Sheffield hosts national folk music and dance festival

Ceilidhs are a popular part of the  Inter Varsity Folk Dance Festival, coming to Sheffield this month
Ceilidhs are a popular part of the Inter Varsity Folk Dance Festival, coming to Sheffield this month

Folk lovers from across the country will descend on Sheffield later this month (February 23-25) for the 2018 Inter Varsity Folk Dance Festival.

Organised by the Ceilidh Society (CeilidhSoc) at the University of Sheffield, the festival will feature a packed programme of music sessions, ceilidhs, workshops, and performances by hundreds of morris dancers from around the country.

IVFDF was first held in Leeds in 1951 and is now the longest-running folk festival in the UK.

Each year a different university folk society hosts the festival, with Sheffield first playing host in 1953. This is the ninth time Sheffield has welcomed IVFDF – more than any other city.

The festival usually attracts around 1000 people, many of them students, but events are open to everyone. EVents take place around the main university campus and at the Octagon Centre.

Highlights of this year’s festival include high-energy ceilidhs from folk outfits the Melrose Quintet and Steamchicken, workshops covering everything from morris dancing to Playford – a 17th-century style of music and dance – and even a techno morris dance performance.

Christopher Fish, who is chairing the organising committee for this year’s festival, said: “Sheffield has a long history of hosting IVFDF, which is not surprising given the folk heritage the city has, with sessions, gigs and various types of dancing happening almost every night of the week.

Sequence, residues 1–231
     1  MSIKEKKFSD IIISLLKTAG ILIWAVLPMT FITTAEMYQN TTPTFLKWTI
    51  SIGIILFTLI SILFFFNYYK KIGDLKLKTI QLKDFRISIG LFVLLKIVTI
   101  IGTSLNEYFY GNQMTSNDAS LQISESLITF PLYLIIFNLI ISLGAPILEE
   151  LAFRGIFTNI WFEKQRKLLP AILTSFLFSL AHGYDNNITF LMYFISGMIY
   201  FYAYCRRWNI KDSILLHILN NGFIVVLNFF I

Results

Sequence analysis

“IVFDF is a great way for people to have a go at a whole range of folk activities at a fraction of a cost of some of the bigger summer festivals.

“We’re really excited to once again be welcoming folk fans to Sheffield and want to encourage anyone with an interest in folk to come and experience the festival.”

On the Saturday of the festival Sheffield will come alive with the sound of thousands of bells and clashing sticks, as morris teams from as far as Brighton, Bristol and Glasgow entertain crowds at various city centre locations.

The day of dance is being organised by Five Rivers Morris of Sheffield and will feature 14 teams from both the local area and across the country.

James Merrylees, squire of Five Rivers Morris, said: “We’re thrilled that IVFDF is back in Sheffield and to be helping to give folk fans a great weekend in our city.

“We’ve got a wealth of great morris teams here in Sheffield – more than anywhere else in the country –- so we really can claim to be the city of morris.

“Audiences here are really receptive, making for a brilliant atmosphere, which we’re sure our visiting teams will love.”

Steamchicken appear on Saturday night at the Octagon. Their 2017 album Look Both Ways was hailed a sharp turn left for one of the country’s leading ceilidh bands.

“It mixed British and Greek folk forms with musical theatre, jazz and soul.

The band consists of Ted Crum (harmonica-Peeping Tom, Somerville Gents) and his sons Matt (sop sax-Demon Barber XL) and Joe (drums), with Tim Yates (bass-Sweet Visitor Band, Blackbeard’s Tea Party, Shake the Chains, Albion Band)and Katy Oliver (trumpet-Just Say Nay).

Steamchicken are back in Sheffield for a gig at The Shakespeares on March 2.

For the full IVFDF programme and tickets, visit ivfdf-2018.ceilidhsoc.org